On Sunday, students participated in a full-day, wetlab, which provided extraordinary hands-on experience with extractions, dental radiology, dental prophylaxis, bonded sealants and nerve blocks.
Kiki is a four year old female cat who was hit by a car. After the accident, she was immediately taken to an emergency clinic by her owners and diagnosed with a right caudal mandibular fracture involving the right TMJ joint, a mandibular symphyseal fracture and zygomatic fracture. Her right eye was also proptosed. The emergency clinic treated her aggressively for shock and head trauma. After she was stabilized her right eye was surgically removed due to the trauma. She was not visual through her left eye, but there was still hope that she would regain vision over time in this eye. She remained hospitalized in the emergency clinic over that weekend and became severely anemic. After two blood transfusions her red blood cell count stabilized.
The following Monday Kiki was transferred to Animal Dental Care. In addition to the fractures diagnosed by the emergency clinic, she also had complicated crown fractures of the right maxillary and mandibular canine teeth. The mandibular symphyseal fracture was stabilized with a 24 g cerclage wire. The caudal mandibular fracture was stabilized by performing interarcade bonding with acrylic material. An esophageal feeding tube was placed to provide post-operative nutrition and hydration. The owners were instructed on how to feed Kiki through this tube at home. It was planned to treat canine tooth fractures with either root canal therapy or extractions when the splint was removed.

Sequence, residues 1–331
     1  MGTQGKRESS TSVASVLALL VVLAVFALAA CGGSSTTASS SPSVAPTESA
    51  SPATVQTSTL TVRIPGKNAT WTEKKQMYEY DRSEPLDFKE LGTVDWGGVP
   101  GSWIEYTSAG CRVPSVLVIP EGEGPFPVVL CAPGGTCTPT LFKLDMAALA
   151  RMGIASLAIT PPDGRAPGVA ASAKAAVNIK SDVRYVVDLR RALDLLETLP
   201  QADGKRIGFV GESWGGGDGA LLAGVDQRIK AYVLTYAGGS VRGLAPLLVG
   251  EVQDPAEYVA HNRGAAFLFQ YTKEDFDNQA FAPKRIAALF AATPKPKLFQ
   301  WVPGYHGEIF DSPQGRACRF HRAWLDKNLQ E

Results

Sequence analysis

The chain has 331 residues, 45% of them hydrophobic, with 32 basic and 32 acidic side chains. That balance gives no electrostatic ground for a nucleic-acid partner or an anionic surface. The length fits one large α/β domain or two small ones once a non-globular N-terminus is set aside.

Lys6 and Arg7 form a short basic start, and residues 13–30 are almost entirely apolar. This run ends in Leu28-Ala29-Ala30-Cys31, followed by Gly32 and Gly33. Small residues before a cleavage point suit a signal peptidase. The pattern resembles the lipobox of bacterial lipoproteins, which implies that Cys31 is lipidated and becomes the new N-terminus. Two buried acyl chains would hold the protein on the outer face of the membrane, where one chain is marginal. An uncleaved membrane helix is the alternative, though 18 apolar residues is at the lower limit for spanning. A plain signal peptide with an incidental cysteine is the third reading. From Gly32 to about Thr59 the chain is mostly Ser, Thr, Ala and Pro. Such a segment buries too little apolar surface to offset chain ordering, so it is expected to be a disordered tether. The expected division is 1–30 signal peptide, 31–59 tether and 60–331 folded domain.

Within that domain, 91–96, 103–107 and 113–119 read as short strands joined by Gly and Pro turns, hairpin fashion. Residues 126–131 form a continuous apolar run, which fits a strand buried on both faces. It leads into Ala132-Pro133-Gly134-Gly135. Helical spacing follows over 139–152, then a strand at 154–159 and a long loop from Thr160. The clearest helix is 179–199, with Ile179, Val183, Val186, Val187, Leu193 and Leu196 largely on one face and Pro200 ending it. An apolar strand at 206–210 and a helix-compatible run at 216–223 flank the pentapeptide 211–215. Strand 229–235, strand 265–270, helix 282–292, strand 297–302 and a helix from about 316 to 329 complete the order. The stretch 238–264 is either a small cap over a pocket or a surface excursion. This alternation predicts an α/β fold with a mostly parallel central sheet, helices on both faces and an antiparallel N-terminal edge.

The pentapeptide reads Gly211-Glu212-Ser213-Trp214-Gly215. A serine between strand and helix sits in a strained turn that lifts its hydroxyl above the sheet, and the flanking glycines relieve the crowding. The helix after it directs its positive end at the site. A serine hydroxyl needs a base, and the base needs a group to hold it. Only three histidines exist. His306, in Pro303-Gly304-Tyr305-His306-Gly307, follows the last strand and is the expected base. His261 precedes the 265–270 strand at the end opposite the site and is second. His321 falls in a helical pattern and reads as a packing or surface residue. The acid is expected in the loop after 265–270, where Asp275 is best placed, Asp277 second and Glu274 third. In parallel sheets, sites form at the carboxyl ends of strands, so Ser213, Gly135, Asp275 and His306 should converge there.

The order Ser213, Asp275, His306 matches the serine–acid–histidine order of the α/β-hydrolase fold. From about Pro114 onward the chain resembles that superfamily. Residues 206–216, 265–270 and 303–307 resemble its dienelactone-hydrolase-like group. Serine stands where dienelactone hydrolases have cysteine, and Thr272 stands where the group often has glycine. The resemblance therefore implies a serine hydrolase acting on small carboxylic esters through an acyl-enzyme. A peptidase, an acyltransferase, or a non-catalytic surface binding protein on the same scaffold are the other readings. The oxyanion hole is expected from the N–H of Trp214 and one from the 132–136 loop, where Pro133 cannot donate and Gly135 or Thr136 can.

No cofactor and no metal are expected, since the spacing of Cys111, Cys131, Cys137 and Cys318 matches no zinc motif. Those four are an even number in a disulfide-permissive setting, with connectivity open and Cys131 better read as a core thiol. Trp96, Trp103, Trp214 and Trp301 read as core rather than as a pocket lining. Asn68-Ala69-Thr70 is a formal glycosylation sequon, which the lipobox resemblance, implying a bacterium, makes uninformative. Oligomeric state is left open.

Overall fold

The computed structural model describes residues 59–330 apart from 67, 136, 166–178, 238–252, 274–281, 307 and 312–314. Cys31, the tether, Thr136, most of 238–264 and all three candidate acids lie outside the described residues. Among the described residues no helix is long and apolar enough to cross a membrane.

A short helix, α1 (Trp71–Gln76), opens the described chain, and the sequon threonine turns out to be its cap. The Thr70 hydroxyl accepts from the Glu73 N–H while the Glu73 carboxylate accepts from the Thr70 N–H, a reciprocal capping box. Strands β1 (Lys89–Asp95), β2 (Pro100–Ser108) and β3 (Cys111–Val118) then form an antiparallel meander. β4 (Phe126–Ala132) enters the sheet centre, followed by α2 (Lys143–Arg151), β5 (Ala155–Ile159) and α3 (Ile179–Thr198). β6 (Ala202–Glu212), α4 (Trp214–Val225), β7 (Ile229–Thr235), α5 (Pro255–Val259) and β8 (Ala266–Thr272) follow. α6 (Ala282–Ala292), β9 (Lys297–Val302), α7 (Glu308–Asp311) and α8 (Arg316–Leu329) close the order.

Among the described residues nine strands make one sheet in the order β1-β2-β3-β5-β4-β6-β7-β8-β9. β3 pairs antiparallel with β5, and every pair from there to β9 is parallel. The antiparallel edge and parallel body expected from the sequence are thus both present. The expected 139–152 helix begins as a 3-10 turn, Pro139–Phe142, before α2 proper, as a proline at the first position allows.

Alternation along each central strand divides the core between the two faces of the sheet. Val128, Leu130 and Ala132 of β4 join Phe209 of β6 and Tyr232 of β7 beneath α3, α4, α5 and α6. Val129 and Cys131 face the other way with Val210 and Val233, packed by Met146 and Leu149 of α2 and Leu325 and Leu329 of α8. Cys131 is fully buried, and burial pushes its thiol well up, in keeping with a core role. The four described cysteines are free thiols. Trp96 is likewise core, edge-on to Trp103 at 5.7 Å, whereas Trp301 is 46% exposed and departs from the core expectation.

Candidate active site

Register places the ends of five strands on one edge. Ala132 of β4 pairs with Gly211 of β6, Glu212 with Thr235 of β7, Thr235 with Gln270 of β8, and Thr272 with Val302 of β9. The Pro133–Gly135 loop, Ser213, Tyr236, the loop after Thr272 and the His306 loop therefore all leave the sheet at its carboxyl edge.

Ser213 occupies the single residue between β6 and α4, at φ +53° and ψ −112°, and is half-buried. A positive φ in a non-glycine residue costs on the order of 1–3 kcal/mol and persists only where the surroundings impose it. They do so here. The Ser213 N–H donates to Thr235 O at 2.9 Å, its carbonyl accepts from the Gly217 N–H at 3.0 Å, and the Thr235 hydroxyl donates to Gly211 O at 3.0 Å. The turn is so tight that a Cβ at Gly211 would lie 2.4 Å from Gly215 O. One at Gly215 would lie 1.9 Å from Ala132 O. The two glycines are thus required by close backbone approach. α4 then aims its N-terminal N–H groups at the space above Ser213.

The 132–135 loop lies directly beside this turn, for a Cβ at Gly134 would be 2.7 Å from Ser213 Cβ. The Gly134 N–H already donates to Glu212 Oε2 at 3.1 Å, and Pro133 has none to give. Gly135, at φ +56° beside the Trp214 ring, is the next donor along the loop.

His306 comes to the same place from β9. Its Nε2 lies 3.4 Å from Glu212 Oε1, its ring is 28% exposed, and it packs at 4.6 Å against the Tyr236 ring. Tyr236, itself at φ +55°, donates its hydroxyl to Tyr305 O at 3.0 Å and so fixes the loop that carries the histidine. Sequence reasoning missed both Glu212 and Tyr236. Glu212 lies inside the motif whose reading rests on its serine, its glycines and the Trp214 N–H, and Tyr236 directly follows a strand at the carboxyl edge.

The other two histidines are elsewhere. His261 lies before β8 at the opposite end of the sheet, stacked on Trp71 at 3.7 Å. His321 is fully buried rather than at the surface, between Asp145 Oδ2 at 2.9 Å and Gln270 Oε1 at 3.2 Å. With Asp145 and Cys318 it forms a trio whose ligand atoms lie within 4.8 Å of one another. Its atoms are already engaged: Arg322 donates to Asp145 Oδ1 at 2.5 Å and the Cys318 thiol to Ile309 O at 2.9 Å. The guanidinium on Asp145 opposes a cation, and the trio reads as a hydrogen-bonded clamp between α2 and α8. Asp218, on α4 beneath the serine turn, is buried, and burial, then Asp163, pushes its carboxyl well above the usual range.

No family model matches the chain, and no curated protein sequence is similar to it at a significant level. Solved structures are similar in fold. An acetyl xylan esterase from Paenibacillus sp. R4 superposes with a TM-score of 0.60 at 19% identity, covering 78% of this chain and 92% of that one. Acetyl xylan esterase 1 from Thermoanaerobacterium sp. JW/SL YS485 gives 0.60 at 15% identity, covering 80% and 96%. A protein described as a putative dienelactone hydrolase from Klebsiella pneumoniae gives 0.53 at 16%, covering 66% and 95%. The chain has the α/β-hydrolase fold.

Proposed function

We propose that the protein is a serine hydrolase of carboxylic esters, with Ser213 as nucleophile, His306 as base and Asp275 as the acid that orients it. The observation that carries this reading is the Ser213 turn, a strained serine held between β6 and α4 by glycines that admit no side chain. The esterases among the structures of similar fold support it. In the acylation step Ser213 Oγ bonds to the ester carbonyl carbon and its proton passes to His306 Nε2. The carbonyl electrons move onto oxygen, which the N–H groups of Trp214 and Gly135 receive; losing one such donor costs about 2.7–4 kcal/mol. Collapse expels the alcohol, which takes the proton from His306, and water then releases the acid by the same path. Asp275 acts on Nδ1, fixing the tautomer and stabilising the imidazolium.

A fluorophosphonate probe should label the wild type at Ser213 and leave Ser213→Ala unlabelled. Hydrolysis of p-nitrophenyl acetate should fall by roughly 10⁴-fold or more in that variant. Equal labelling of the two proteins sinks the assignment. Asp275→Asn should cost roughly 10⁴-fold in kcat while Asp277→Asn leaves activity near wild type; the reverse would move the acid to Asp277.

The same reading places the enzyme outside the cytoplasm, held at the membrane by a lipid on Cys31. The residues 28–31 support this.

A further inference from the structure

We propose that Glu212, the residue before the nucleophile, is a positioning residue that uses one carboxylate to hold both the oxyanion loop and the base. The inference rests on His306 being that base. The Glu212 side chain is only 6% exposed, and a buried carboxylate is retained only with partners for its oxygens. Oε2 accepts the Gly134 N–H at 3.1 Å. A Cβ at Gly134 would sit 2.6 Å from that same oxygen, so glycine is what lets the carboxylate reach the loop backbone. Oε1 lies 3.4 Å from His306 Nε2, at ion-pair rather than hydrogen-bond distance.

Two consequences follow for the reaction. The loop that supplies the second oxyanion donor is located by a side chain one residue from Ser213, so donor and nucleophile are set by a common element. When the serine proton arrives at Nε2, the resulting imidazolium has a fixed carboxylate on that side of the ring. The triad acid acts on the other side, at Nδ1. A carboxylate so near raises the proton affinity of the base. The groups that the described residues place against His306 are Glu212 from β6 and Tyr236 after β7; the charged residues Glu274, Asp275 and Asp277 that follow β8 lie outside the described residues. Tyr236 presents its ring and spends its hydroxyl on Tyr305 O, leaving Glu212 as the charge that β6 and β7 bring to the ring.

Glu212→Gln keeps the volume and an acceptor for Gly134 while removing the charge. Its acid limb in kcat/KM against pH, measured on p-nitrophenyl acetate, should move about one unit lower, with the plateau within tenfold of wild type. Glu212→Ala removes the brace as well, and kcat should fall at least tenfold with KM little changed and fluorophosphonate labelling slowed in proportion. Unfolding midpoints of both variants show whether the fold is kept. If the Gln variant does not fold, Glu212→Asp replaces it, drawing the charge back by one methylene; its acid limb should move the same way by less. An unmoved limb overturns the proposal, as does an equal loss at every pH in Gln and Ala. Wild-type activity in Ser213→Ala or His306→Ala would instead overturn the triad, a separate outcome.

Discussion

A few days after discharge an examination was performed by a board certified veterinary ophthalmologist who determined that Kiki still had some vision through her right eye although it likely had permanent damage.
Two weeks post-op she had her feeding tube removed since she had learned to lap up food and water on her own around the interarcade bonds.
Four weeks post-op Kiki had her interarcade bonds and cerclage wire removed. Her jaw fractures had stabilized. Unfortunately, her owners could not afford root canal treatment on her fractured canine teeth, so these were extracted.
Despite the extensive trauma Kiki experienced, she made an excellent recovery. Her owners have agreed to keep her indoors and she is learning to get around their home very well, even with limited vision from her remaining eye. She is a definite fighter!